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We shouldn't echo the right on Cuba

June 7, 2002 | Page 4

Dear Socialist Worker,

Bridget Broderick's article about Cuba (SW, May 24) comes close to supporting Jimmy Carter's recent sermonizing about democracy and human rights in that country.

Broderick is right to debunk the myth of "socialism" or a "workers' state" in a nation where even genuine unions are strictly banned. But by failing to spell out the nature of Cuba's revolution, she leaves out what should be the key to our attitude towards Cuba.

Since the Cuban Revolution, Cuba has been the only country in the Western hemisphere capable of consistently defying the U.S. In other words, it has won national liberation--however fragile and contradictory.

As opponents of U.S. imperialism, our tasks are made easier by the existence of this outpost of independence. As advocates of working-class internationalism, we must argue to U.S. workers that they should support national liberation struggles.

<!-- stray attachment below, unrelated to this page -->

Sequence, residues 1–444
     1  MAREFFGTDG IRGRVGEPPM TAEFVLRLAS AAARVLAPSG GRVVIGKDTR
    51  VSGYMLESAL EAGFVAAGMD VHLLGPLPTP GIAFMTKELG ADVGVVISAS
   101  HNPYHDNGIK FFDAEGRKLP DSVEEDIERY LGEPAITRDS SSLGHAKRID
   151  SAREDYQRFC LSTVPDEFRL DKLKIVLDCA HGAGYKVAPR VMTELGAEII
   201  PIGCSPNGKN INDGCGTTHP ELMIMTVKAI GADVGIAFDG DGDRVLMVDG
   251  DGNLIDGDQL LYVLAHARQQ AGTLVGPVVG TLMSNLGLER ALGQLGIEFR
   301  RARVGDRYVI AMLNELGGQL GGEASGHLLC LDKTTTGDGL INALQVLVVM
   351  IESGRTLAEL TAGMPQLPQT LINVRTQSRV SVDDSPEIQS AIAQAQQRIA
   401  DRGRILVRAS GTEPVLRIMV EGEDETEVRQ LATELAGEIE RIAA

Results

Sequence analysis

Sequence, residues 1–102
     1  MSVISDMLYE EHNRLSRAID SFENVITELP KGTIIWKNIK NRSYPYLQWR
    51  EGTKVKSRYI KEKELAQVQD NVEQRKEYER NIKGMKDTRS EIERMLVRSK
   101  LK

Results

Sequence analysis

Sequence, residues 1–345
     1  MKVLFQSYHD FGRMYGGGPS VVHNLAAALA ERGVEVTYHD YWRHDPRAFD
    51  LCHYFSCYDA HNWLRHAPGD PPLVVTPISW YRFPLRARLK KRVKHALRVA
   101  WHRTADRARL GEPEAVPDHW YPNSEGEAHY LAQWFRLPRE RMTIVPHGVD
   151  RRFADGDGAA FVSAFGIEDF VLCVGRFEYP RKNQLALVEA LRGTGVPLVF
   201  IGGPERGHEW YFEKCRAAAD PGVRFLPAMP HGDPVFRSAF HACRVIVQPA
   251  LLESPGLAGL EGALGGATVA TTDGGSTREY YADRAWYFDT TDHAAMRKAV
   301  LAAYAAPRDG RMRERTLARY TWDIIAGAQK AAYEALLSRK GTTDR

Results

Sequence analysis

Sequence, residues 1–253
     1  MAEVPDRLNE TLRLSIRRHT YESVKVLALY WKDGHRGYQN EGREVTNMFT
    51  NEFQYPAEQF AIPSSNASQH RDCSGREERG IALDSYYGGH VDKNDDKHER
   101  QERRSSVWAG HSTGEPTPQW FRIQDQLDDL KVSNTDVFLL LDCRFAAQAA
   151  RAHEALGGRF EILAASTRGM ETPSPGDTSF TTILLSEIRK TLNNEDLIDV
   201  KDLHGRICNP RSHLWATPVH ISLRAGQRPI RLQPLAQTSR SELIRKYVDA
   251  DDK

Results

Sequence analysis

Of course, we also support workers' struggles against their exploiters everywhere, including Cuba. But Cuban workers will find those struggles easier if we oppose and weaken U.S. imperial designs on Cuba.

It needs to be pointed out that liberals like Jimmy Carter--while they may appear more reasonable--are no less committed to restoring U.S. dominance in Cuba than right-wingers like Bush. Carter's comments provide a liberal cover to the more obviously hypocritical calls for Cuban "democracy" by the right wing.

Avery Wear, San Diego, Calif.

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